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ABSTRACT: Medicare beneficiaries with cancer bear a greater portion of their health care costs, because cancer treatment costs have increased. Beneficiaries have supplemental insurance to reduce out-of-pocket costs; those without supplemental insurance may face barriers to care. This study examines the association between type of supplemental insurance coverage and receipt of chemotherapy among Medicare patients with cancer who, per National Comprehensive Cancer Network treatment guidelines, should generally receive chemotherapy. This retrospective, observational study included 1,200 Medicare patients diagnosed with incident cancer of the breast (stage IIB to III), colon (stage III), rectum (stage II to III), lung (stage II to IV), or ovary (stage II to IV) from 2000 to 2005. Using the National Cancer Institute Patterns of Care Studies and linked SEER-Medicare data, we determined each Medicare patient's supplemental insurance status (private insurance, dual eligible [ie, Medicare with Medicaid], or no supplemental insurance), consultation with an oncologist, and receipt of chemotherapy. Using adjusted logistic regression, we evaluated the association of type of supplemental insurance with oncologist consultation and receipt of chemotherapy. Dual-eligible patients were significantly less likely to receive chemotherapy than were Medicare patients with private insurance. Patients with Medicare only who saw an oncologist had comparable rates of chemotherapy compared with Medicare patients with private insurance. Dual-eligible Medicare beneficiaries received recommended cancer chemotherapy less frequently than other Medicare beneficiaries. With the increasing number of Medicaid patients under the Affordable Care Act, there will be a need for patient navigators and sufficient physician reimbursement so that low-income patients with cancer will have access to oncologists and needed treatment. © 2014 by American Society of Clinical Oncology.Journal of Clinical Oncology 12/2014; 33(4). DOI:10.1200/JCO.2014.55.3107 · 17.88 Impact Factor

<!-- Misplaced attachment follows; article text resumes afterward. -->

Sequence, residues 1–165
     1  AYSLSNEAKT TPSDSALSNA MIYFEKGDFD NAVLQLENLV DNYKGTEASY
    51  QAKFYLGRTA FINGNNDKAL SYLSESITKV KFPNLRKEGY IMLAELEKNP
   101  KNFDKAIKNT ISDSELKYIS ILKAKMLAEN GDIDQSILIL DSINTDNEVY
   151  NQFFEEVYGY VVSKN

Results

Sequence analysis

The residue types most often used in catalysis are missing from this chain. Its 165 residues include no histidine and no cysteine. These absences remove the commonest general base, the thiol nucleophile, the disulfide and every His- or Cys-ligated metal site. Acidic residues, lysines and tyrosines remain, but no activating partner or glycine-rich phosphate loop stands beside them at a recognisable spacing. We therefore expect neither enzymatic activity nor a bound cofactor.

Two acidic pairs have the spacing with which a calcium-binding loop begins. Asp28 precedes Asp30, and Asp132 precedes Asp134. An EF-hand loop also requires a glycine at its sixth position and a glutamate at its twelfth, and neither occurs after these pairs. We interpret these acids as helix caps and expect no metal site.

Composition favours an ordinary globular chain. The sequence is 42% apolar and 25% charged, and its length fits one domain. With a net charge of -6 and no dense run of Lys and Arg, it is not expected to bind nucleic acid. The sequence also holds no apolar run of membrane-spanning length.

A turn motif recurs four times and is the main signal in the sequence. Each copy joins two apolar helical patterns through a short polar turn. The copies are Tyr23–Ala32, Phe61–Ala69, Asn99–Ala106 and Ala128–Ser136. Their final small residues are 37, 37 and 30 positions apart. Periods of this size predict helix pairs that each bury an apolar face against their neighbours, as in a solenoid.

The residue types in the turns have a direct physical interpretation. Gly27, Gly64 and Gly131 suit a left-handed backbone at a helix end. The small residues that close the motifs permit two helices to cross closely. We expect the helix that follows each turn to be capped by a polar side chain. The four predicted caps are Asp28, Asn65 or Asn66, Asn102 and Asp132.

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ABSTRACT: PURPOSEPrior studies report that half of patients with lung cancer do not receive guideline-concordant care. With data from a national Veterans Health Administration (VHA) study on quality of care, we sought to determine what proportion of patients refused or had a contraindication to recommended lung cancer therapy. PATIENTS AND METHODS Through medical record abstraction, we evaluated adherence to six quality indicators addressing lung cancer-directed therapy for patients diagnosed within the VHA during 2007 and calculated the proportion of patients receiving, refusing, or having contraindications to recommended treatment.ResultsMean age of the predominantly male population was 67.7 years (standard deviation, 9.4 years), and 15% were black. Adherence to quality indicators ranged from 81% for adjuvant chemotherapy to 98% for curative resection; however, many patients met quality indicator criteria without actually receiving recommended therapy by having a refusal (0% to 14%) or contraindication (1% to 30%) documented. Less than 1% of patients refused palliative chemotherapy. Black patients were more likely to refuse or bear a contraindication to surgery even when controlling for comorbidity; race was not associated with refusals or contraindications to other treatments. CONCLUSION Refusals and contraindications are common and may account for previously demonstrated low rates of recommended lung cancer therapy performance at the VHA. Racial disparities in treatment may be explained, in part, by such factors. These results sound a cautionary note for quality measurement that depends on data that do not reflect patient preference or contraindications in conditions where such considerations are important.Journal of Clinical Oncology 06/2013; 31(21). DOI:10.1200/JCO.2012.45.7473 · 17.88 Impact Factor